Kolkata's famous Eden Garden for a brief period looked like the Biblical Paradise on Wednesday. The thin crowd went back home happy because the god of Indian cricket, Sachin Ramesh Tendulkar, shrugged off his long stretch of poor form. He scored 76 runs against England in the third test of the four-match series. We should expect a full house when India bats again, because it is likely to be Sachin's final outing at this ground.
Of course, the immediate talking point was yet another milestone that the Little Master crossed in this Test. He has now amassed over 34,000 runs in international cricket. It was many series ago when Sachin reached that enviable stage in his amazing career which saw him become his own competition. For a number of years Brian Lara, the West Indian batting legend, kept snapping at his heels. He ran out of breath.
However, Ricky Ponting, considered the greatest Australian batsman after Sir Don Bradman, took the baton from Lara and kept breathing down Tendulkar's neck. He too announced his retirement from international cricket in the just concluded home series against South Africa. With 41 Test centuries he would have had a lot of catching up to do to get past Tendulkar. He would have had to first get past Jacques Kallis who has thus far scored 44 Test hundreds and is still in good nick.
Shall we count Kallis as a potential rival to Tendulkar for a solo spot as batsman at the summit of Mount Cricket? Why not? After all Kallis is considered the greatest all-rounder in international cricket. Statistics put him ahead of the legendary West Indian all-rounder, Sir Gary Sobers. But getting past Tendulkar's 51 Test centuries, if doesn't score one or more in the remaining three innings of the current series against England, will not be easy.
It is difficult to imagine the profile of international cricket had kid Tendulkar not been talked out of his obsession to be a fast bowler. India has had at least two pint-sized pace bowlers in Ramakant Desai and Chetan Sharma. But Sachin is definitely a shade shorter than these two.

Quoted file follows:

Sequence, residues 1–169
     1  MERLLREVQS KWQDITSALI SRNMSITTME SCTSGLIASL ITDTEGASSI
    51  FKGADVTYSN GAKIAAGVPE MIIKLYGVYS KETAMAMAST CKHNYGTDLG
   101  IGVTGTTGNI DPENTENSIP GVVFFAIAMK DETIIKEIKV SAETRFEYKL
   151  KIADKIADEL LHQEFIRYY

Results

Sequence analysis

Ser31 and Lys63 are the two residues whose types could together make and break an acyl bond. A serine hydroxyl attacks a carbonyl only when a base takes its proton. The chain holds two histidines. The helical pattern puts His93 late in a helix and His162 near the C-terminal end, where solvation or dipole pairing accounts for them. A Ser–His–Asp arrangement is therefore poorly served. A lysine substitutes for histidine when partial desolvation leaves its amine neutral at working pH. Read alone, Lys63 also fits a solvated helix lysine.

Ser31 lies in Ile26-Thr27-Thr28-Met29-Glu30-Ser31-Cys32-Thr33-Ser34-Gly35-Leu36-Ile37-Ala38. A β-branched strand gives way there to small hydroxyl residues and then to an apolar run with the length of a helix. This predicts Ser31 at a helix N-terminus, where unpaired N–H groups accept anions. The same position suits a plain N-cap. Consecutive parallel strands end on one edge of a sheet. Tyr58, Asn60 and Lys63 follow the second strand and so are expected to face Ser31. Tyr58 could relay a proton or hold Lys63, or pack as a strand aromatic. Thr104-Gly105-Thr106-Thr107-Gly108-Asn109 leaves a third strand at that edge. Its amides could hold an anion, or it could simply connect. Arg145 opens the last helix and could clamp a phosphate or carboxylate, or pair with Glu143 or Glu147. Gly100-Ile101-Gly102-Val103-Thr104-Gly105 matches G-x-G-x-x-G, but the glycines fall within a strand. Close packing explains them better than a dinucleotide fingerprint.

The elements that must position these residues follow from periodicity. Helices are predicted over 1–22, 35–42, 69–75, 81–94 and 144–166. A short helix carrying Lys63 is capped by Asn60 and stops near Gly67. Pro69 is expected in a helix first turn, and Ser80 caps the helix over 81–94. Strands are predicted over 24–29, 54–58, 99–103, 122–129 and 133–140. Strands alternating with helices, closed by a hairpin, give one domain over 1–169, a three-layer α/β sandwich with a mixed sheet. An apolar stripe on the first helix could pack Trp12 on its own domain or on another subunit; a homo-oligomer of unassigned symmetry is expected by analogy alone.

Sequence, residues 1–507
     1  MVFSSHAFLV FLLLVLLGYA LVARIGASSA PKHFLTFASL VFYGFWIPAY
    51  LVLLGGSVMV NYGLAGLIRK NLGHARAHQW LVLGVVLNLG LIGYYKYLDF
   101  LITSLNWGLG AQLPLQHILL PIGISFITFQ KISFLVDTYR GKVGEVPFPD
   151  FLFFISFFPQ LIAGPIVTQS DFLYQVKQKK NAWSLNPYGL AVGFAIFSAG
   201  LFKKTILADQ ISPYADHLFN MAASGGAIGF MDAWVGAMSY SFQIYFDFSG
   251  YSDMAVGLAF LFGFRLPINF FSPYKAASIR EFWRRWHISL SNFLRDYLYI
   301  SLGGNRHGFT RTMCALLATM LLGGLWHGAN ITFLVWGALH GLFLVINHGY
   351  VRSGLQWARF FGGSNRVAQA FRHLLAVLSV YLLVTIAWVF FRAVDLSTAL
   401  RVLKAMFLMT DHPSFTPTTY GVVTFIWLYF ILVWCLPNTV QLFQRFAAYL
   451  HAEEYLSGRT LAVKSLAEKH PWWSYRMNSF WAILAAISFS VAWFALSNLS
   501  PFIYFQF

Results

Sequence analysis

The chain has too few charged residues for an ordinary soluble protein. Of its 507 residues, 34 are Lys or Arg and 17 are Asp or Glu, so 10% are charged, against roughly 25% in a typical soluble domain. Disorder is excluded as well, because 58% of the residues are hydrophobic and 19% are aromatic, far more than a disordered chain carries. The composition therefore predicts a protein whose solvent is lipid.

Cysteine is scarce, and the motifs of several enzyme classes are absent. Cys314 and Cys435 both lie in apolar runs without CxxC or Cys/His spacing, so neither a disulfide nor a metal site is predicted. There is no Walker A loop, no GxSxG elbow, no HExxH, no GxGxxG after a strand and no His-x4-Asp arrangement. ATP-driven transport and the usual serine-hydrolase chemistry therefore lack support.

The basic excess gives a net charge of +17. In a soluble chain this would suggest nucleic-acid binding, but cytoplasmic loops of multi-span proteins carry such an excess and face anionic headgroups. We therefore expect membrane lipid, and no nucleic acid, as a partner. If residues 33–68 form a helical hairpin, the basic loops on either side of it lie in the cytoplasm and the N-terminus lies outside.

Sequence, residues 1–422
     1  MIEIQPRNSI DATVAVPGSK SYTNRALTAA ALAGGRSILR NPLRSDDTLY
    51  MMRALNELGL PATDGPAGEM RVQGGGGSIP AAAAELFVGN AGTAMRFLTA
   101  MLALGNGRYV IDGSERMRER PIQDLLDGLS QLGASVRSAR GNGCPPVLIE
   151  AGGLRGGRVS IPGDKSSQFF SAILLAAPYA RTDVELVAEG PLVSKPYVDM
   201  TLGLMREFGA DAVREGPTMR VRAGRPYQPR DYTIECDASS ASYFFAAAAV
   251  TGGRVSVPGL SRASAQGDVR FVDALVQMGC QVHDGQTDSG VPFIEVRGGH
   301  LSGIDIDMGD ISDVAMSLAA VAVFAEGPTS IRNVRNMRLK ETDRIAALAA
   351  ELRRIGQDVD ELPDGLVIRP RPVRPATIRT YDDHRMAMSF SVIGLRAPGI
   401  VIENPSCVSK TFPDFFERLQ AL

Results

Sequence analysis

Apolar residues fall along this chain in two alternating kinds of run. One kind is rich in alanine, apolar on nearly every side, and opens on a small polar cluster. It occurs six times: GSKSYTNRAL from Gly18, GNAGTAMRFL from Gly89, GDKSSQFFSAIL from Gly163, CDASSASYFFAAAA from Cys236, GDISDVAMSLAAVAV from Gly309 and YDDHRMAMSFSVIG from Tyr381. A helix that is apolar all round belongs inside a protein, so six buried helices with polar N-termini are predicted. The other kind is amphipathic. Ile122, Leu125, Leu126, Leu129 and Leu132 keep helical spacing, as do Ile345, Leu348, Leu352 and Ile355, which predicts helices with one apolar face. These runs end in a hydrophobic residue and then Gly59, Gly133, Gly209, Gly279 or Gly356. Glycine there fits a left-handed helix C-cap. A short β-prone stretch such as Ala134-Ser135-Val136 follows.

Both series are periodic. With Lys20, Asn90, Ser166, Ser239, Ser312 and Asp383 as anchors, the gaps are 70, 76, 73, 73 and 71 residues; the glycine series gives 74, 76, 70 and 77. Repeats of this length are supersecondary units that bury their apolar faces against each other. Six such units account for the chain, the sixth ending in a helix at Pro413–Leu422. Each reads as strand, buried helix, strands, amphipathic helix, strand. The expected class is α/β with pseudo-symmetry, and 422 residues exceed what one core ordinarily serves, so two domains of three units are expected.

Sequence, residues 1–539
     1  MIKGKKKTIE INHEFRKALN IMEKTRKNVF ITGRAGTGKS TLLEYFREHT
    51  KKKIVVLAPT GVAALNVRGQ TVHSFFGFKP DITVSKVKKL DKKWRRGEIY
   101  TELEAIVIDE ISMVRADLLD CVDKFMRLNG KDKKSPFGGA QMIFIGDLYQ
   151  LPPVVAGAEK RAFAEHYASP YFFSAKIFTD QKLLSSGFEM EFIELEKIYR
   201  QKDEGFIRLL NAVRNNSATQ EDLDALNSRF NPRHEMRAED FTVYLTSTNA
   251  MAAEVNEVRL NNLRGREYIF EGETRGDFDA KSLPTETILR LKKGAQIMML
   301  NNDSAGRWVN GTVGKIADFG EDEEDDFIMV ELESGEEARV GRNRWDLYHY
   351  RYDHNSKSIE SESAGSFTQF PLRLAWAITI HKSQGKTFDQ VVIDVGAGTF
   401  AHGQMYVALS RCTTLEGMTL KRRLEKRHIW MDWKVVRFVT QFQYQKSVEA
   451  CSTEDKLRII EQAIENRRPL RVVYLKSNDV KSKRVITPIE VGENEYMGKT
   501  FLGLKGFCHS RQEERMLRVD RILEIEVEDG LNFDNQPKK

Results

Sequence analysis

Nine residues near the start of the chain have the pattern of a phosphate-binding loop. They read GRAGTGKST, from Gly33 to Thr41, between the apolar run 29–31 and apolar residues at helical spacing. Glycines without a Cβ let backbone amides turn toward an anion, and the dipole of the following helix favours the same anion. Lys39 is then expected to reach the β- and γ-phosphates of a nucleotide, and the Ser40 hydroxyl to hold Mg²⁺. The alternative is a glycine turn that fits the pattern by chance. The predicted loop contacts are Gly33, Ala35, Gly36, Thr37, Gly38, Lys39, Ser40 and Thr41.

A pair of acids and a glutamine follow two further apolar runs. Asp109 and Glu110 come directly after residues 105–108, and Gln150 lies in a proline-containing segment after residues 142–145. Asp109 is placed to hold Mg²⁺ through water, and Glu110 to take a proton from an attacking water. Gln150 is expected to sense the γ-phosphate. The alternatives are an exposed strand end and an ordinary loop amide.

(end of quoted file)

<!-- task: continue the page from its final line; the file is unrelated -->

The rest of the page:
We next meet Sachin as an enthusiastic teenager in 1988. He along with his school-mate Vinod Kambli went berserk in the semi-finals of The Harris Shield Tournament, an inter-school competition, and prolonged the bowlers' misery for no reason but their own pleasure.
Here are a few snatches from a cricinfo.com account of that memorable game. It is appropriately called A Tale of Two Terrors.
"Both buddies went at the ball harder and harder, and runs came at six an over. Consider the final score. In 120 overs, Shardashram scored 748 runs and lost only two wickets... Tendulkar ended the day on 192, and Kambli was ten runs behind... (The next day) Tendulkar was on 326, and the stand was worth 664 runs (when the innings was finally declared under orders from their coach). No one knew, at least for a while, that a new record had been written...Tendulkar averaged over a thousand for the tournament, and went from game to game until he made it to the Indian team."
And that was in 1989, a year after the Harris Shield Heroics.
He made his Test and ODI debut in Pakistan. It was literally baptism by fire. Pakistan at that point of time had the best bowling attack in international cricket which included Imran Khan, Wasim Akram, Waqar Younis and Abdul Qadir. He made 15 in the only innings he got a chance to bat in the drawn Test. He missed being the youngest player to score a hundred, but at 17 plus years he did become the youngest India to achieve this distinction.
Among the more memorable incidents during that tour was the chat Tendulkar had with Wasim Akram. On his follow through, like most pace bowlers, Wasim would cuss at the batsmen under his breath. He did not spare even Tendulkar who at that point of time was not old enough to get a driving licence. At the end of the day's play Sachin walked up to Wasim and asked him with his school boy charm, "Wasim Bhai aap bowling itni achchi kartey hain. Phir gaali kyon baktey hain"? (Wasim Bhai you bowl so well, then why do you have to cuss?) According to Wasim Akram, he stopped cussing at Sachin after that.
If we look at the one-day statistics we would notice that his career was really going nowhere until he persuaded his skipper to let him open the innings. He made 82 off 49 balls in his first game as opener against New Zealand in 1994. Later, he and Saurav Ganguly became the best opening pair in ODI history. Their exploits were a treat for even the uninitiated.
Cricket is, of course, what has made Tendulkar a larger than life figure in the history of the game. But it is not just the game which has earned him respect and admiration among his peers. Market forces have changed the profile and spirit of the game. But Tendulkar, along with Rahul Dravid, VVS Laxman and Anil Kumble remained committed to the old school which nurtured cricket as a gentleman's game. He is a role model not just as a cricketer but also as a fine human being. In the land where cricket is a religion now, he is indeed a god - a god with his feet firmly on the ground.